I’ve always believed that the Kanji would be the main challenge when learning Japanese. That’s why I have been prioritizing and devoting all of my Japanese study time to them. As a matter of fact, I haven’t started to learn any grammar besides the first few chapters of Genki I and the first book of Japanese from Zero. And for now, I don’t intend to continue with grammar until I reach at least LV20 in WK. (I used to be LV27 before restarting).
Somehow, I have the assumption that once I know enough Kanji, the rest will come easily. Am I mistaken? From what I’ve seen so far, the grammar doesn’t seem too hard. I speak 7 languages and I am a language teacher, so I usually grasp grammar very quickly. Also, some of the languages I know seem to have far more difficult grammar than Japanese (e.g. German or Croatian). However, Japanese is my first Asian language, so I might be mistaken. Maybe it gets reeeaaaally hard later on?
In any case, I’m curious to hear from advanced or proficient Japanese students whether Kanji was the hardest aspect of the language! Or did another aspect of the language cause more problems? (e.g. vocab in general, pronunciation, grammar)
Seems you have a lot of experience learning languages, so the technical part should be taken care for the most part.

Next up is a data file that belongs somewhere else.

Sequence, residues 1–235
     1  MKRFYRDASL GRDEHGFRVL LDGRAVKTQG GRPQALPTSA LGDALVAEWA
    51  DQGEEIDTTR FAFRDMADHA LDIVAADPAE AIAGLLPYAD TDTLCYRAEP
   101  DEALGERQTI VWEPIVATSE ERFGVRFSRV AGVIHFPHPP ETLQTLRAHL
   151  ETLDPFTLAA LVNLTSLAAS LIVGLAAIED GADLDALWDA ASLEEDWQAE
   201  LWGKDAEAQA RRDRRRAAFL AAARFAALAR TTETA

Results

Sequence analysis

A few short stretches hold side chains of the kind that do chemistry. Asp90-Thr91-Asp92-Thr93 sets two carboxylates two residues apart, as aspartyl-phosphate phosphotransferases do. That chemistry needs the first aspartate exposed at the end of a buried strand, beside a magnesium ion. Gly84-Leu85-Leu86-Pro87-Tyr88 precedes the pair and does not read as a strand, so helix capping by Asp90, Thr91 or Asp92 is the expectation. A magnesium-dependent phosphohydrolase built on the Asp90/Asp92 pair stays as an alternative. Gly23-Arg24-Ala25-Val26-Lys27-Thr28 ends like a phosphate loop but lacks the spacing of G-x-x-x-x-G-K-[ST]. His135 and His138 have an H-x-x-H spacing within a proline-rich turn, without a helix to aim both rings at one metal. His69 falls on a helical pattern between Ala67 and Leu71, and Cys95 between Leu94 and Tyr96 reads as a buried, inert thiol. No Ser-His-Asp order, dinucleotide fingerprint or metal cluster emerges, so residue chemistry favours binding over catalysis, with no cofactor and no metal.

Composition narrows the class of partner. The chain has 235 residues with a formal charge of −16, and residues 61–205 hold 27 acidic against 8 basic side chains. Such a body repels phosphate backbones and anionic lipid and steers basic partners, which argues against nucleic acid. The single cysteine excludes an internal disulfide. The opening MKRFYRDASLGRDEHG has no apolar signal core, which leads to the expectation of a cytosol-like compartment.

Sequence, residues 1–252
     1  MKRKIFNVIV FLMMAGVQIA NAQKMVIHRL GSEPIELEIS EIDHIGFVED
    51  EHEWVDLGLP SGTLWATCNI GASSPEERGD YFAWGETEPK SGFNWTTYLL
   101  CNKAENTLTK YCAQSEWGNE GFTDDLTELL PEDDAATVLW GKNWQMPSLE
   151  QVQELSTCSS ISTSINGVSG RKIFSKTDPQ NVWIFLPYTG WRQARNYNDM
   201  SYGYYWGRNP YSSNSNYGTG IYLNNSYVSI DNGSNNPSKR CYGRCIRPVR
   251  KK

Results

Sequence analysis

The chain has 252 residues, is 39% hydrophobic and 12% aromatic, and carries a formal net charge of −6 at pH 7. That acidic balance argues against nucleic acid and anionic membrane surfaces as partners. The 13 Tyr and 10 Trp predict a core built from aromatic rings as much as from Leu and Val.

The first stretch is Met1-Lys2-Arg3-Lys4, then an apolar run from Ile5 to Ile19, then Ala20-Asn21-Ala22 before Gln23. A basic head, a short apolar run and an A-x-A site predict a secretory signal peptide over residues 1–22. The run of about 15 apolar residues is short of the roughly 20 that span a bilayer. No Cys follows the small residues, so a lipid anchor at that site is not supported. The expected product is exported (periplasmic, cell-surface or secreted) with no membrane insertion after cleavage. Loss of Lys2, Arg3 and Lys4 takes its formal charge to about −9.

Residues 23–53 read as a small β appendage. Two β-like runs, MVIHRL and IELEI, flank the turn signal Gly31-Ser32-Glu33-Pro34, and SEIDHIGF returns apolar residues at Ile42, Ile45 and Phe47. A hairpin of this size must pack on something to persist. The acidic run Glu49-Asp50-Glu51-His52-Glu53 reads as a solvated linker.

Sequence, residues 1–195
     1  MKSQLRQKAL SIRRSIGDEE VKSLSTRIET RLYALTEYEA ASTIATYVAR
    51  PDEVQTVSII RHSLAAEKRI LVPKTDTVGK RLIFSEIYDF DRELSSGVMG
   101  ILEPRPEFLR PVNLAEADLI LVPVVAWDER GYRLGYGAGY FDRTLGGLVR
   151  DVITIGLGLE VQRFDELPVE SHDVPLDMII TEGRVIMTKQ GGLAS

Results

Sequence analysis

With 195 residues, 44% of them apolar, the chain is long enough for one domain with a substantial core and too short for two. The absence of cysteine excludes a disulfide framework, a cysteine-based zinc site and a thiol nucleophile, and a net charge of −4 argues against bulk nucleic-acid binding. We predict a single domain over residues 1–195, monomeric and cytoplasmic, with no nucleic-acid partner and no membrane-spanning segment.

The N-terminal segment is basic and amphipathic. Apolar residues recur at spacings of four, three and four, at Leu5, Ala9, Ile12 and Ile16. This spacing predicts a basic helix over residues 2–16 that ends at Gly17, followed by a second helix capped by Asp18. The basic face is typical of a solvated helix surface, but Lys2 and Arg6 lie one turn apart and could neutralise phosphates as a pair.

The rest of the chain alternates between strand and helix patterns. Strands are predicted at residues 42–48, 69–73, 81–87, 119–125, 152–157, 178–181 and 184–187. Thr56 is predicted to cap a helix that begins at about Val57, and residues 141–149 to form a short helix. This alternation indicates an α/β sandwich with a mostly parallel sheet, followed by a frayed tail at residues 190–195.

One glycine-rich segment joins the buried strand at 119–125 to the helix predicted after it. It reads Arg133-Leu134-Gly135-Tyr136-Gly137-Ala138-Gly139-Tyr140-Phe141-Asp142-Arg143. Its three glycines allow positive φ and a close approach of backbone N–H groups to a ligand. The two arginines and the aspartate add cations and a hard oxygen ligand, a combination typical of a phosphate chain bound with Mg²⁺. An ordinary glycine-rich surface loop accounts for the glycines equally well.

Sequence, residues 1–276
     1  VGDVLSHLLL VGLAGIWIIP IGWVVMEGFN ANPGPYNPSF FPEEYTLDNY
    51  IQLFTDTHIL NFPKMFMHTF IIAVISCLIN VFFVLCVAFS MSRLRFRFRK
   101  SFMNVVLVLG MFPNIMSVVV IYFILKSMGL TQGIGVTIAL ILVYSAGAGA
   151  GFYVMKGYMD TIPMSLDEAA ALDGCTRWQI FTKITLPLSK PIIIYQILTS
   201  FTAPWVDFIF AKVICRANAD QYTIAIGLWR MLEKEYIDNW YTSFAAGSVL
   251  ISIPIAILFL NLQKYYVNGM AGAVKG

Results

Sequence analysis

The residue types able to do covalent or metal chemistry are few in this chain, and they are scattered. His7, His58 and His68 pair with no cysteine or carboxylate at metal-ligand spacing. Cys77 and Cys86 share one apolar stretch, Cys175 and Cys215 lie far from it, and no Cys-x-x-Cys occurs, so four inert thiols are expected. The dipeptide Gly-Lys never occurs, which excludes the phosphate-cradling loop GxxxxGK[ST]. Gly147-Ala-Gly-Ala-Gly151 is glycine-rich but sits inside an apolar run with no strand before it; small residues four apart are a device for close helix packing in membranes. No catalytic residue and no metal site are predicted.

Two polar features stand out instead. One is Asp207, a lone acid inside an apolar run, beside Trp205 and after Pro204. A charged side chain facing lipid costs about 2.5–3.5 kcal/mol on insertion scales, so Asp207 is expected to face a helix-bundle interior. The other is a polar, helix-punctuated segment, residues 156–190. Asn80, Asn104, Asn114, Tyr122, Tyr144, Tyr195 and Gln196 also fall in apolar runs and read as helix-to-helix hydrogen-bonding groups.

Actually for me the most difficult part is the pace. I feel the time investment pays soooo slowly. I’m doing more and for longer than what i’ve done in a lot of other interests I’ve persued, and yet this feels so slow … Progressing through reading, listening, etc it’s slow … No matter what.
It’s not necessarily the hardest, but it is the longest. In fact, as far as languages go, I think you will find that learning Japanese is not necessarily difficult, but rather is just time consuming. Japanese grammar is pretty straight forward and has few exceptions, but if you have not dealt with an SOV language before, or context-based language, it can take a little while to wrap your head and mouth around. Vocabulary is a little difficult as Japanese is in it’s own linguistic family, so outside of foreign loanwords, you won’t have any help from any of the languages that you already know (unlike English & French for example). And of course, like with any language, you will likely find that speaking is the most difficult part of learning the language.